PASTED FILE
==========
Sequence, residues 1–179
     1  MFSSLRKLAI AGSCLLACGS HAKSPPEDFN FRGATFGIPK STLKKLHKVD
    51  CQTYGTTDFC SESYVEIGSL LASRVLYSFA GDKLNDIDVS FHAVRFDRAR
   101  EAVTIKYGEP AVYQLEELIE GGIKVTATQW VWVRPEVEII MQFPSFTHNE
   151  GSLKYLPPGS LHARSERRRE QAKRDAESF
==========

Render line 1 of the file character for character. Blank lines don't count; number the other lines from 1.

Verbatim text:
Sequence, residues 1–179